Thursday, January 25, 2007

Upcoming Appearances

I probably ought to let people know where I'm going to be appearing in the near future. (Other than at the supermarket, I mean.) It sort of defeats the publicity angle if I don't let anyone know.

This coming weekend, I'll be at a small convention called Vericon, held at Harvard University, in Cambridge, Mass. In conjunction with that, I'll be signing books at the Harvard Bookstore in Harvard Square. (Saturday Jan. 27, at 1:00 p.m.) According the schedule, I'll be signing along with Marie Brennan. I don't know her, so this will be a chance to make a new acquaintance.

The weekend of Feb. 16-18, I'll be at Boskone, New England's largest regional convention. That's in Boston, at the Westin Waterfront. I don't know my schedule there yet.

Starting on March 19, I'll be teaming up once more with Craig Shaw Gardner to teach "The Ultimate SF Workshop," in the basement of Pandemonium Books and Games, in Cambridge. It's a 10-week intensive workshop for people who are really serious about learning the craft of SF writing. We ran our first workshop last fall, and it was very successful. Terrific group of writers, many of whom I definitely expect to see in print one day soon.

In April, during the school spring break, we're hoping to run a workshop strictly for teens. More on that later.

The weekend of May 11-13, tentatively, maybe, if I can afford New York City prices, I'll join a horde of other writers, editors, agents, etc., for the Nebula Awards weekend.

Later in May, I'll be teaching for the second year at the New England Young Writers Conference, at Bread Loaf in Vermont.

In July, I plan to be at Readercon, near Boston.

You know, I'd better put all this information up on my web site right now while I'm thinking of it. Excuse me while I go fire up Dreamweaver....

Labels: , ,

Wednesday, January 24, 2007

They've Done Put Me in the Movies!

I wrote earlier how I had been tapped to play a small role in a very small indie film. My role? Pops, the homeless man with his ear to the street. Well, they had the premier screening for cast and families the other night, and—yep—there I was. For about, oh, twenty seconds or so. Maybe thirty. I thought I was pretty convincing as a scruffy homeless man, and we'll just leave it at that and not think about how little it took to make me appear that way. (Wearing entirely clothes from my own wardrobe!)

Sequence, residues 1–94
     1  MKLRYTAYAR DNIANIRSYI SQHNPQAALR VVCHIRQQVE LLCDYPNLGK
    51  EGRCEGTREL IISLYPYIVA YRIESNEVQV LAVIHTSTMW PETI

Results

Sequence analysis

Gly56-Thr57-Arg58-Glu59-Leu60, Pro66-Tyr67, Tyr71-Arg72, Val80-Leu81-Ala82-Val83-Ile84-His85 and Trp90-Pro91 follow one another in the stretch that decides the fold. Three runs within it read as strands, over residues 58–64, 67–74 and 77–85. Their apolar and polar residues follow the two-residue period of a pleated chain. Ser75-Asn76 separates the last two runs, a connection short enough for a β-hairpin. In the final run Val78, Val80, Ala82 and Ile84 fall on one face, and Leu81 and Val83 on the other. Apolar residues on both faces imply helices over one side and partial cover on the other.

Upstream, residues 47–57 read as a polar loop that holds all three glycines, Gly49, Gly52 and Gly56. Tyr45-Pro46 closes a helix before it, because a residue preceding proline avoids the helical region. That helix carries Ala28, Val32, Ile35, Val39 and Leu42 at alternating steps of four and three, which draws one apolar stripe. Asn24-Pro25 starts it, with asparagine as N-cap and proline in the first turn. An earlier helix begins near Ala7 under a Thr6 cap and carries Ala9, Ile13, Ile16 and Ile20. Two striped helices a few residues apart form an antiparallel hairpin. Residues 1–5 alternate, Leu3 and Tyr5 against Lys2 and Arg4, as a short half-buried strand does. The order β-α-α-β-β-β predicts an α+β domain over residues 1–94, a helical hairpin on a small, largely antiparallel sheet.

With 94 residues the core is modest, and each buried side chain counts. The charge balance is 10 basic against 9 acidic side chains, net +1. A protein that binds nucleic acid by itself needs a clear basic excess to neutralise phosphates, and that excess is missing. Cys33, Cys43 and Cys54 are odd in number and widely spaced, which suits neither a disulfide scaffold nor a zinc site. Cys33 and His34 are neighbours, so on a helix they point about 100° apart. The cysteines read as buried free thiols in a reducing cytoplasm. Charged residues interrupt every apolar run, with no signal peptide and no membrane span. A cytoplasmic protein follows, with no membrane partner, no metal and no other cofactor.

The film is called Children of the Street. It's an earnest work that actually tells an important story about runaways and homelessness. (Very rough around the edges, and clearly shot on a budget of approximately zero—but still, it was rewarding to be in.) I got an email from someone at our church today, saying he'd gone to see the public showing (not knowing I was in it), and was quite surprised by the homeless guy!

Maybe it will show up online someday. If so, you'll hear it first here.


Tuesday, January 23, 2007

Small Is Beautiful—Or Is It?

Recent issues of Discover Magazine (Feb. 06*) and the New Yorker (I think it was last week's, but now I can't find it to check) both had articles about Amory Lovins, the wizard of small technology, or perhaps more accurately, appropriate use of technology in terms of energy efficiency and benign effect on the environment. His Rocky Mountain Institute carries on a lot of his work, and appears to be gaining the attention of numerous large companies, which are discovering that building energy efficiency and environmental awareness into new facilities can not only help the environment, but also save them money. Both articles are well worth a read. The one in Discover will tell you more about the science and technology, while the New Yorker focuses more on the man. It sounds like if you ever meet him, you can expect to have a thick stack of white papers pressed into your hands.